“We take pride in rebounding,” senior center Goran Suton said. “We can’t get cocky with the fact that we are leading the NCAA in rebounding, we just have to keep doing it.”

Of MSU’s 958 rebounds this season, 356 (37.2 percent) of them have come on the offensive end, where the Spartans frustrate teams by stealing extra possessions.

“It obviously helps us when you get seven or eight rebounds per game,” Suton said. “If you don’t turn the ball and we get a shot up, we get almost 50 percent of our misses, so any time we get a shot off, offensive rebounding has been a plus.”

MSU’s dominance comes despite a rotation that features just one player who is taller than 6-foot-9. That player is Suton, who leads the conference in rebounding both overall (7.7 rpg) and in conference games (8.6 rpg).

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MSU’s other major glass cleaners — senior forward Raymar Morgan (6 rpg) and freshman forward Delvon Roe (5.4 rpg) — each stand at 6-foot-8, which by relative standards isn’t all that tall for a big man.

“You’ve got to dominate and control the boards,” Roe said. “If you can do that, no matter what’s going on in the game, you’ll have a chance to win just by offensive rebounding and second chance shots and limiting teams to just one-and-out on the offensive end.”

As great as their big men have been, what separates the Spartans is the rebounding production they receive from their backcourt.

While most guards shy away from contact underneath the hoop, senior guard Travis Walton (2.6 rpg) and sophomore guards Kalin Lucas (2.2 rpg) and Durrell Summers (3.4 rpg) fearlessly attack the glass.

Roe said that’s the kind of attitude the Spartans will need to remain successful.

“If we can keep improving on the defensive end and getting our guards in there to rebound, that would be a big step in us leading the league in rebounding,” Roe said.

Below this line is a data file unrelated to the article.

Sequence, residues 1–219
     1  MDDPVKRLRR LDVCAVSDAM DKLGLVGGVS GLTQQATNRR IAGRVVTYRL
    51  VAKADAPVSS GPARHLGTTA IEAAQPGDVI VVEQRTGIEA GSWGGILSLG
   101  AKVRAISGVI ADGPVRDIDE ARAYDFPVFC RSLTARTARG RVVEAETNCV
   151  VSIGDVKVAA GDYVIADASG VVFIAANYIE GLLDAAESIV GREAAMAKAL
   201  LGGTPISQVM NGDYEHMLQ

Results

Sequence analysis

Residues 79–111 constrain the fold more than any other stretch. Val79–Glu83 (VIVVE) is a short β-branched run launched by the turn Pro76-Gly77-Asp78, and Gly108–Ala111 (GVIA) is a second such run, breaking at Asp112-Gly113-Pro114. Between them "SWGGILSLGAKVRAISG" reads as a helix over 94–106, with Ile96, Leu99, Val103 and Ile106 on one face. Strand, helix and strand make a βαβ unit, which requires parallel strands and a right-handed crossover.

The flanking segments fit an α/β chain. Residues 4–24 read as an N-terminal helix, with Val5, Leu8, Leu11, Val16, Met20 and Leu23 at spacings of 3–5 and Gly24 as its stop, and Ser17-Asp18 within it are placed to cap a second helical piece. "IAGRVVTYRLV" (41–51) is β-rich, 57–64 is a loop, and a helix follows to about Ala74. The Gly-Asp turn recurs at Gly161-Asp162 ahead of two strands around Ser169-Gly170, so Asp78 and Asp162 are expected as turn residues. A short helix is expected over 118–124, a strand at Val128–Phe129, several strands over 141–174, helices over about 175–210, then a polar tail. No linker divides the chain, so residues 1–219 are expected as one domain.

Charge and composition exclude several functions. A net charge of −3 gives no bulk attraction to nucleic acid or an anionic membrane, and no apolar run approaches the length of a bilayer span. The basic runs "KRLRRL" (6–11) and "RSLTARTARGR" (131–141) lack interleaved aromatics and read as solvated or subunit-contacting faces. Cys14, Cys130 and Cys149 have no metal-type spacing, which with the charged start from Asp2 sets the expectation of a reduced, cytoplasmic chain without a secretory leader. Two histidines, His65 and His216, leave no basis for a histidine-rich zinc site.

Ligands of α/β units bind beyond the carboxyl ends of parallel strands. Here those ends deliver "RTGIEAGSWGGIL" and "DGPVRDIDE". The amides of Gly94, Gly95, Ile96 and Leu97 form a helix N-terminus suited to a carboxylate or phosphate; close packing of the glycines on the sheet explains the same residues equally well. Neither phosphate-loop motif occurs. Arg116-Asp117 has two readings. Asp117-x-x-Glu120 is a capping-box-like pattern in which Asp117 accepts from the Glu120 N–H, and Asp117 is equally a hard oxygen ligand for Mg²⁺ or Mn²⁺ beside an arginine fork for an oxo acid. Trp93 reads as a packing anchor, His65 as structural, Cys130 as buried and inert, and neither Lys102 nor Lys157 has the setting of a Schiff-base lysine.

Although history doesn’t necessarily dictate the future, Morgan said his team draws inspiration from the way the 2000 team won its title.

“In the past, (rebounding has) won us championships,” Morgan said.

“Hopefully in the future, we can rebound like them and get one.”

Law 3: Fastbreak

First it was Mateen Cleaves, Morris Peterson and Charlie Bell.

Then it was Drew Neitzel, Shannon Brown and Maurice Ager.

If you look through any successful Tom Izzo roster from the past 14 years, a key recipe for success for the MSU men’s basketball coach is two dynamic, athletic wings and a sure-handed point guard who can get them the ball.

Izzo Fastbreak Version 3.0, which stars sophomore guards Kalin Lucas, Durrell Summers and Chris Allen, has the athleticism and potential to be the best.

“I think Chris Allen and Durrell Summers are two of the better wing guys we’ve ever had,” Izzo said earlier this season. “They aren’t even close to being the best yet, but I think they are potentially two of the better wing guys that have played here. Those two guys have the chance to be special. That class, with those two guys and Kalin Lucas, has a chance to be a very special class.”

As the season has progressed, the sophomore trio increasingly has learned how to put in the necessary work to live up to that potential, going to the gym together late at night to work on their shooting during the last few weeks. They also have become more dedicated in the film room, not only critiquing themselves and preparing for opponents, but also watching film of the 2000 National Championship team.